This year some of the same problems remain: the roster is built of too many young, individualistic players that lack chemistry and cohesion, magnified by the fact that when it comes to in-game coaching Rick Barnes is, well, one hell of a recruiter.
Texas is large, long, athletic and has depth. They welcome in another highly regarded freshmen class. But unless they can find a way to play hard, do the little things (like make free throws, take good shots, and get gritty when push comes to shove) and drop some of the apparent ego that hangs over this team, they are going to be in for another disappointing season.
They have plenty of guys that can handle the point, but they need a leader to emerge. And gunner Jordan Hamilton has talent enough to become the next LaceDarius Dunn.
There is size for days and this team certainly isn’t afraid of anyone. There are things to like. But until the intangibles start to get filled in Texas is a team that will continue to lose square bettors money.
The X-Factor: Missouri (+600)
This is a very interesting year for the Tigers. They are coming off one of the more successful two-year runs in recent program history. But the personnel on this year’s squad are considerably different and graduation has sucked out most of the go-to guys during that time.
But the Tigers are still a system team and now that Oliver Purnell has left Clemson the Tigers are the only BCS team that makes its money with 40 minutes of all-out, full-court, no-holds-barred, free-for-all pressing.
Missouri has a decent core back with Kim English, Justin Safford, Lawrence Bowers and Marcus Denmon. That quartet gives them three double-digit scorers and Safford was at 9.9 before he injured his knee. All four are athletic and experienced and really give Mike Anderson a solid foundation.
But I have a hard time finding this team’s ceiling. Are they real contenders? Or are they a good-but-not-great team that will finish in the top three in the league, take their No. 6 or No. 7 seed in the NCAA Tournament, and then hang around for a while before getting bounced?
They have some kinks to work out early in the season – they are working in six new faces – and this team really doesn’t have the post presence it did in the past. But they are quality and will be in the mix in February.
The Surprise Team: Colorado (+2000)
By now the Buffaloes shouldn’t be a surprise; if you don’t know that this is going to be a very good team you haven’t been paying attention.
Coach Jeff Bzdelick moved on to take the Wake Forest job, but he left new coach Tad Boyle a lot to work with. The Buffs may have the league’s best backcourt with Cory Higgins (18.9 points per game) and Alec Burks (17.1 ppg) and these guys are able to compete with anyone. Higgins is one of three three-year starters on this team and he is desperate to make the NCAA Tournament in his senior season.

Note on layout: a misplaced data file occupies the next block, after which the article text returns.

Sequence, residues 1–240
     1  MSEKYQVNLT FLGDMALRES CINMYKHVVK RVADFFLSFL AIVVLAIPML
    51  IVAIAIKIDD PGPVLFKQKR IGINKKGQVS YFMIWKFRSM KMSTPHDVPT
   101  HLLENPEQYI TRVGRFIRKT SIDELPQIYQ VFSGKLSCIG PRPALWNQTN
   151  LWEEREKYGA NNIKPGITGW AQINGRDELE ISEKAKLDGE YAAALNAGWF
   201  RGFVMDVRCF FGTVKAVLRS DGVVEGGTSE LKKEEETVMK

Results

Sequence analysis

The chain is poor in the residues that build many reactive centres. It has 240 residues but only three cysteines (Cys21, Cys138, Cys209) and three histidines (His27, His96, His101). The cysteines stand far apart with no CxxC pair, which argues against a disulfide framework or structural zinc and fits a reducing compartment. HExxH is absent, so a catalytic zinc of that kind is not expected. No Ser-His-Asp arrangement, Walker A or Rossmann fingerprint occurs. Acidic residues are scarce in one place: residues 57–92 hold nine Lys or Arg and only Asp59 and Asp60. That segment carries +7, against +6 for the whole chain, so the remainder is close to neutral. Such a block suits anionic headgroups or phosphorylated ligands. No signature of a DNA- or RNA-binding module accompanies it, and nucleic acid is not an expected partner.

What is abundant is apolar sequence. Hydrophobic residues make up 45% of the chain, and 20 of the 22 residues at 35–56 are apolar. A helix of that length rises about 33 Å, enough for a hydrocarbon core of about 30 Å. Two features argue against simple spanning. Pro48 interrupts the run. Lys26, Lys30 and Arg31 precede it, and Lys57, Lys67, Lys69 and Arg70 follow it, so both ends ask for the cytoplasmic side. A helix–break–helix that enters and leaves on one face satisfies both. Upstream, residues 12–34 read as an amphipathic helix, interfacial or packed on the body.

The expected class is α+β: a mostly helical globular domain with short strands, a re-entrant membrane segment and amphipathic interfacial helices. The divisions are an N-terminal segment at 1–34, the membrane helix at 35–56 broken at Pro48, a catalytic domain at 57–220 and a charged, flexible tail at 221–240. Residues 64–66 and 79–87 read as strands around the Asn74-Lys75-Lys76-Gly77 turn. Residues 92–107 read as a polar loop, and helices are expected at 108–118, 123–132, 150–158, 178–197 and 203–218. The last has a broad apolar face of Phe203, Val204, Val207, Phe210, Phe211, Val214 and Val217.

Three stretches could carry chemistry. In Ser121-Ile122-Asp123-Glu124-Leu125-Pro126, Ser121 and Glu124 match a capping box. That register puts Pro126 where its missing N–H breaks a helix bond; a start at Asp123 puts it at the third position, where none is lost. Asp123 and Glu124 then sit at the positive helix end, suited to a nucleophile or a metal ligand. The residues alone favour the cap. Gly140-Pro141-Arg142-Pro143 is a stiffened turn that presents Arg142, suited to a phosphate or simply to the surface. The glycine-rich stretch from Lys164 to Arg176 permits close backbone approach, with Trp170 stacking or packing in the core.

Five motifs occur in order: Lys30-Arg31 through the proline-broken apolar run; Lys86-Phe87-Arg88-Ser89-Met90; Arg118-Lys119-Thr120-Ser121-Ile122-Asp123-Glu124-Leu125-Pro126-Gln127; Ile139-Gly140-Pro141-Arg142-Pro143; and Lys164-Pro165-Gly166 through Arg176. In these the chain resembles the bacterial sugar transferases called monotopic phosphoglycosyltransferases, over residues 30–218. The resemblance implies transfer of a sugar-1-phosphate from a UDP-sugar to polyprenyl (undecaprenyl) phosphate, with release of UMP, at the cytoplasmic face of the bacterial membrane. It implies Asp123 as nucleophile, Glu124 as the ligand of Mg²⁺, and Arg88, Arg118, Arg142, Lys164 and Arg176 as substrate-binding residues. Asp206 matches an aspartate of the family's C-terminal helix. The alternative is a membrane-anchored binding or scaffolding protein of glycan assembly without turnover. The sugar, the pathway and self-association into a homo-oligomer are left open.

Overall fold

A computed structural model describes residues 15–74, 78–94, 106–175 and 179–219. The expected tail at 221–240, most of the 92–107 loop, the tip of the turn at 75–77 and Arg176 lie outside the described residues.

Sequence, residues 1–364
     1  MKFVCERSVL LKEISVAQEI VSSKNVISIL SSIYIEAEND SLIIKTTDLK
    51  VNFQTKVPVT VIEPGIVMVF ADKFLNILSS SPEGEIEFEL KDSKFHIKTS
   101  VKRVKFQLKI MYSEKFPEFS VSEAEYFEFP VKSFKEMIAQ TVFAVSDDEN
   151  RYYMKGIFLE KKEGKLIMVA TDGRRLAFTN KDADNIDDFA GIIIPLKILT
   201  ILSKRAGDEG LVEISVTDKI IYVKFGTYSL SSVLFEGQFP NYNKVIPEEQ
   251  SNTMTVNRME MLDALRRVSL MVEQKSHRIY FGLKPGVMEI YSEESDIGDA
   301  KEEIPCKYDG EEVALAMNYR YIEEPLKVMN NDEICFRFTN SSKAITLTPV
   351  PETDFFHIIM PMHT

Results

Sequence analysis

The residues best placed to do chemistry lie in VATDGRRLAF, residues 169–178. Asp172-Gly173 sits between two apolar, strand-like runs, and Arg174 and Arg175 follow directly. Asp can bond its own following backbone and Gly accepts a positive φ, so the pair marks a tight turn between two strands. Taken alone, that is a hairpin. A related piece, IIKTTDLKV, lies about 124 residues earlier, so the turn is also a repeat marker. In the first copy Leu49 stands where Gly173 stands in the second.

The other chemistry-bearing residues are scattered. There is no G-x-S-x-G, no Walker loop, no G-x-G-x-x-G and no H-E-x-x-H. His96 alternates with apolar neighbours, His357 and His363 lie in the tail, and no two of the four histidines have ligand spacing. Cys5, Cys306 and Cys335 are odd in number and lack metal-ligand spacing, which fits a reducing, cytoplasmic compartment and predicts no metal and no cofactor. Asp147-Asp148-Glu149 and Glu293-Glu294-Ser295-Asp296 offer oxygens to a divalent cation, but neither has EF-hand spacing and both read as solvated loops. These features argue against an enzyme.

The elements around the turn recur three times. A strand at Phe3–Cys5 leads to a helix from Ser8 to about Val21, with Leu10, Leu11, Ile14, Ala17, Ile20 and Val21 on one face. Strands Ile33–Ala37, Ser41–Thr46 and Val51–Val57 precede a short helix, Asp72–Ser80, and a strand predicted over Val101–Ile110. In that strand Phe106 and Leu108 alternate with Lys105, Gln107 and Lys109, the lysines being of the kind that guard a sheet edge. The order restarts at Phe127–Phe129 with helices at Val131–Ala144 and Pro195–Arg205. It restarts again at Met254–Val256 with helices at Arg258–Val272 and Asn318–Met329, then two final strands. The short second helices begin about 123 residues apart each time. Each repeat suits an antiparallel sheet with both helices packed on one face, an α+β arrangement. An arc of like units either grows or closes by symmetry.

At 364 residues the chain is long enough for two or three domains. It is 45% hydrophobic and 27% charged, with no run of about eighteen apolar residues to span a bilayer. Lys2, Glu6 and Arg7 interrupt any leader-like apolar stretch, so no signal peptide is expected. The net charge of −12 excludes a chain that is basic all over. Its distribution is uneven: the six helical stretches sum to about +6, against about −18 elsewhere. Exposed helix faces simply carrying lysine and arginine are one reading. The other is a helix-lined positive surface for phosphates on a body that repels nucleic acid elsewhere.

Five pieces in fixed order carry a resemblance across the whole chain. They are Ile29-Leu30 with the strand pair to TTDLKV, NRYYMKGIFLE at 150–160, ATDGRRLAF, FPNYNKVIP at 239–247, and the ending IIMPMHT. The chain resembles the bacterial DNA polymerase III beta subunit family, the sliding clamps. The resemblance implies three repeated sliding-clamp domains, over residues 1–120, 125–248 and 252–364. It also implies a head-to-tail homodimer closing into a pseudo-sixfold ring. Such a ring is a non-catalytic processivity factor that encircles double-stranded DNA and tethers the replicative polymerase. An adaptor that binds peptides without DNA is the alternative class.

This is a Princeton offense team and Boyle will continue to craft their patient, execution-based style. The Buffs have a very competitive – without being overwhelming – nonconference schedule and they have a chance to get some quality wins that would help come Selection Sunday. But they need to rebound and they need to defend the basket.
This team lacks any interior presence and that is a killer. They were blown out too often last year because they simply couldn’t hold up underneath. If they can get anything at all out of the frontcourt then this team could be threatening a bid in March.
The ATS Machine: Texas Tech (+1200)
The Red Raiders are definitely one of – not my No. 1 – sleeper team in college basketball this year. I think that they have a lot of things coming together that could really lead to a special season in Lubbock.
For me it all starts with one of my favorite (and one of the most underrated) players in college hoops: John Roberson. He is a four-year starter at the point and is one of the best floor generals in the nation. He averaged 15 points and five assists last year and could be even better this time around.
He has three other experienced players running and gunning with him, including scoring machine Mike Singletary and glue guy D’walyn Roberts on the wings and post Robert Lewandowski underneath. This team can run and can score with anyone in the country.
What will make or break their season is if they can start to play any defense and if they can man-up on the interior. They won just four conference games last year, but the league is down a touch this season at the top and I think that this Red Raiders team could really be a fly in the ointment.
Lewandowski is a key and they need Roberts to stay healthy. But this team has a chance to make a major move.
The Disappointment: Baylor (+260)
The Bears are a staple of the preseason Top 16 rankings all over the country, but am I the only one who thinks they are going to crash and burn?
Two years ago this team was loaded with talent and they were one of the biggest disappointments in the nation when they went 5-11 in conference and missed the NCAA Tournament.
Last year the addition of Ekpe Udoh (and Scott Drew finally realizing that he needed to play Josh Lomers more) completely changed the trajectory of this program and the Bears had a brilliant season. But Udoh is now in the NBA and I think that the Bears are going to regress back into what they were prior to his arrival: a shaky, somewhat selfish, out of control bunch of street ballers that can’t close games.